Becoming Regardless - Jack Gilbert
I begin to see them again as the twilight darkens.
Gathered below me and to the right under the tree.
Ghosts are by their nature drawn to the willows.
They have no feet and hover just above the grass.
They seem to be singing. About apples, I think,
as I remember the ones a children's red in the old
cemetery in Syracuse where I would eat one each day
because the tree grew out of a grave and I liked
to think of someone eating what was left of my heart
and spirit as I lay in the dark earth translating
into fruit. I can't be sure what they are singing
because no sound comes through the immense windows
of my apartment. (Except for the sound somebody
makes at two and four in the night as he passes
around what was the temple grounds hitting a block
of wood two or three times with a stick. I have
begun listening for it as I lie on the floor awake.)
I try to see in what is left of the light down there
the two I was. The ghost of the boy in high school
just before I became myself. The other is the ghost
of the times later when I could fall in love:
the first time, and three years after that for eight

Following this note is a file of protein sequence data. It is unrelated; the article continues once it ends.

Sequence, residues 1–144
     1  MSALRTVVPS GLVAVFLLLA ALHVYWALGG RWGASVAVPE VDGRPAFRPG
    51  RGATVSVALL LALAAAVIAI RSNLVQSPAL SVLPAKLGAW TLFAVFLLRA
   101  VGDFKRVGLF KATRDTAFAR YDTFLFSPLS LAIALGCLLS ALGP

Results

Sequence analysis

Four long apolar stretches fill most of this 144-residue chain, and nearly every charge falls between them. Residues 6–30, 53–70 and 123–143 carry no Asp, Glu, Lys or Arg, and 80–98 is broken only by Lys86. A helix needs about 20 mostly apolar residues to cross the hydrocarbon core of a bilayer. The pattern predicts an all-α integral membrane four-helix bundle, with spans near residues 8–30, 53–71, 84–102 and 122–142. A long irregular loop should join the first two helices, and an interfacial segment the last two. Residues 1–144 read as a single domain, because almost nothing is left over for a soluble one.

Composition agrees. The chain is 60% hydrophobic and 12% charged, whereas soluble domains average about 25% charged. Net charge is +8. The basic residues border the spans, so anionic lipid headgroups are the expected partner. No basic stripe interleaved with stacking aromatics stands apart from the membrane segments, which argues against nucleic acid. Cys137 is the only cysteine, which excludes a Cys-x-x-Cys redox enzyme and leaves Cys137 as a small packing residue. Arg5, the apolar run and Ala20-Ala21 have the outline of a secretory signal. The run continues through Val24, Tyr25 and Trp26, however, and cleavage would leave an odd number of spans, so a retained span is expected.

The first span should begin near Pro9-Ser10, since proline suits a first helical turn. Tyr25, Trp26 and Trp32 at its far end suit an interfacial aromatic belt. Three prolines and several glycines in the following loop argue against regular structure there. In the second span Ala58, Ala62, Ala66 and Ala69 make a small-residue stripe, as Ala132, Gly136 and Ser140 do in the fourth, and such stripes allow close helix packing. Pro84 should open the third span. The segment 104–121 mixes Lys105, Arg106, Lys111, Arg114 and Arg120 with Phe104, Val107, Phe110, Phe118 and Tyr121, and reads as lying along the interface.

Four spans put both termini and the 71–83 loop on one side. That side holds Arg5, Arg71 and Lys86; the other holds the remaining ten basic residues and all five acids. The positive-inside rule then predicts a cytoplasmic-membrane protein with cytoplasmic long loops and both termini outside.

years, and the last time ten years after. I feel
a great tenderness for all the dozen ghosts down
there trying to remain what they were. Behind each
pile of three boulders that are the gravestones
is a railing making an enclosure for the seven-foot,
narrow, unpainted planks with prayers written on them.
They are brought on the two ceremonial days each year
by the mourners and put with the earlier ones. But
in many enclosures there are just weathered old ones,
because they are brought only as long as there is
still someone who knew the dead. It puzzles me that
I care so much for the ghost of the boy in high school,
since I am not interested in those times. But I know
why the other one frightens me. He is the question
about whether the loves were phantoms of what existed
as appearance only. I know how easily they come,
summoned by our yearning. I realize the luminosity
can be a product of our heart's furnace. It would
erase my life to find I made it up. Then I see them
faintly dancing in the dark: spirits that are the invisible
presence of what those women were. There once was
a Venezia even if there is not now. The flesh thickens
or wanes, but there was somebody I knew truly. Three
of them singing under the willow inside my transience.